P.AllanDid the Spirit’s gifts end with the apostles?  If so, we might as well grab scissors and snip 1 Corinthians 12 from our Bible.

WHY IT MATTERS.  If we believe spiritual gifts have ceased but they haven’t, our church is missing some good things (1 Corinthians 12:7)—like upbuilding, encouragement and consolation (1 Corinthians 14:3).  On the other hand, if we believe they haven’t and we’re seeking them, we’re being deceived by “gifts” that aren’t of God.

FULL DISCLOSURE.  I’m a continuationist—someone who believes the Spirit’s gifts have continued from the 1st century to today and will until Jesus comes again.  My wife and I grew up in a Pentecostal church.  I graduated from a Pentecostal Bible college.  I was originally ordained in a Pentecostal denomination.  If you think I might suddenly bark like a dog or get “slain in the Spirit” or break out in “holy laughter”, think again.  I abhor the abuses of the abusers as much as the staunchest cessationist does (someone who believes the Spirit’s gifts ceased with the apostles’ death around the end of the first century).

CONTEXT AND PROOF TEXT.  How can we know which view is right?  Scripture, soundly interpreted.  That requires knowing the context of the proof text.  (That’s the verse or verses used to substantiate a particular theological viewpoint.)  For cessationists, the primary proof text (as far as I can tell) is 1 Corinthians 13:8-12.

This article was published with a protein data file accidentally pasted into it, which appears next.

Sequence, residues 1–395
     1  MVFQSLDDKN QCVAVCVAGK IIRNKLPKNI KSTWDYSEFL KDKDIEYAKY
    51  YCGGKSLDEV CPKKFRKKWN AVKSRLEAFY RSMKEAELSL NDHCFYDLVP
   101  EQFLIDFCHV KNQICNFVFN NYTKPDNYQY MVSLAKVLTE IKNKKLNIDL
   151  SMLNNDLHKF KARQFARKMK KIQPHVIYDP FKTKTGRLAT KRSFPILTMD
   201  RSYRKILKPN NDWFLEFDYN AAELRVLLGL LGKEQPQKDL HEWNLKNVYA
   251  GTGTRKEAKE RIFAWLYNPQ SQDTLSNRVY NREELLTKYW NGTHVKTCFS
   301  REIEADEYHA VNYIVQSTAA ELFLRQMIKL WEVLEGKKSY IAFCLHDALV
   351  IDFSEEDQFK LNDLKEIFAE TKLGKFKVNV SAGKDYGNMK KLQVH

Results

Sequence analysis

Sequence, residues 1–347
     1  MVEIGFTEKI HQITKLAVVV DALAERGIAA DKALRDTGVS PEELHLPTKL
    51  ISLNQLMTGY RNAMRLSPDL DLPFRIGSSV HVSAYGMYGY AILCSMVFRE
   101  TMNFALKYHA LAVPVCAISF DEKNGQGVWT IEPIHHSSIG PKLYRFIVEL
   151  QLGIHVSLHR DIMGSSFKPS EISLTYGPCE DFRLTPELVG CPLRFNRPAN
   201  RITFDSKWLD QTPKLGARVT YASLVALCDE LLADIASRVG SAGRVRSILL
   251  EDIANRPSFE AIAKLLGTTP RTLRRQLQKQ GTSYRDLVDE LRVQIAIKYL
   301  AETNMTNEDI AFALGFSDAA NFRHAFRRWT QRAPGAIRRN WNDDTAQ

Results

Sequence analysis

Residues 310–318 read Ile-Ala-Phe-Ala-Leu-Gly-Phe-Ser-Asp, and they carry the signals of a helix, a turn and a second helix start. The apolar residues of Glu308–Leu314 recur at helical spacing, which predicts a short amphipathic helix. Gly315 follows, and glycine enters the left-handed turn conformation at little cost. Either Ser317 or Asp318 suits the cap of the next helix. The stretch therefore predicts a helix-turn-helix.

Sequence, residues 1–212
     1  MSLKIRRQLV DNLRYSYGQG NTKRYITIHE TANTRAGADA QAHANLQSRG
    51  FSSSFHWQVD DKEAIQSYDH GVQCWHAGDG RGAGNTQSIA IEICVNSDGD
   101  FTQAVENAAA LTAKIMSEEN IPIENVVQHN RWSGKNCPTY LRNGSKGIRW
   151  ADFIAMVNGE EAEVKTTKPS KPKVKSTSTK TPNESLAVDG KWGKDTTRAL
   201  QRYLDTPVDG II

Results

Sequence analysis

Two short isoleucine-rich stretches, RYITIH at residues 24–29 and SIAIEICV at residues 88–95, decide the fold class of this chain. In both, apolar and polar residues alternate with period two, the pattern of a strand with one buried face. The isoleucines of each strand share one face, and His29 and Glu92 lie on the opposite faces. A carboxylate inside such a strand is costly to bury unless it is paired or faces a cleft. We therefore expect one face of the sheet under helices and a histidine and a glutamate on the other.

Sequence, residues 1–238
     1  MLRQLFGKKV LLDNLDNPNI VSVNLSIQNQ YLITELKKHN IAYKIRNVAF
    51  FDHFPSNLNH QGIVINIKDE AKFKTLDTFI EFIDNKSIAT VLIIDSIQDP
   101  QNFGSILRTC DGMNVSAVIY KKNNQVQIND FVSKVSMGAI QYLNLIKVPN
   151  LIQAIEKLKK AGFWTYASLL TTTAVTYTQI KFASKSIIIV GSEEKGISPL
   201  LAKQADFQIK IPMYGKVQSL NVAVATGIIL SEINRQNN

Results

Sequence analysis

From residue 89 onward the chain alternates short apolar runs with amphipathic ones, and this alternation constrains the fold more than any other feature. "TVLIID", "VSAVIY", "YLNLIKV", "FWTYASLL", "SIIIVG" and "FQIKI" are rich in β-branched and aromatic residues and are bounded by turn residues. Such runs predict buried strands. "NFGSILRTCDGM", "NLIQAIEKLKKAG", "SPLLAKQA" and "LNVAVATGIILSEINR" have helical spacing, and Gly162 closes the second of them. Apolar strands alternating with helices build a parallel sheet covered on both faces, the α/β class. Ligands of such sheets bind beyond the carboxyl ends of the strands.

“Love never ends.  As for prophecies, they will pass away; as for tongues, they will cease; as for knowledge, it will pass away.  For we know in part and we prophesy in part, but when the perfect comes, the partial will pass away.  When I was a child, I spoke like a child, I thought like a child, I reasoned like a child.  When I became a man, I gave up childish ways.  For now we see in a mirror dimly, but then face to face.  Now I know in part, then I shall know fully, even as I have been fully known.”

Generally cessationists interpret “the perfect” to mean the close of the biblical canon.  (“Canon” means “rule” or “standard” and in this context refers to the rule or standard of truth that God has revealed in Scripture.)  When the apostles died or (some say) when the church officially recognized which books were God-breathed (that recognition came in the 4th century A.D.), the gifts of the Spirit ceased.  The gifts were needed to confirm the apostles’ gospel preaching.  The completed canon was self-confirming.  To evaluate the cessationists’ interpretation of verse 10, let’s look at its context—the rest of 1 Corinthians 13.

“THE LOVE CHAPTER.”  Chapter 13 sits in the middle of a larger section—chapters 12-14.  So to understand the context of chapter 13, we have to briefly look at chapter 12.  Chapters 12-14 are about spiritual gifts.  It’s not a complete theology of spiritual gifts.  Rather, as chapter 14 reveals, Paul is addressing an abuse of speaking in tongues:  the Corinthians were making that gift the sign of being “spiritual.”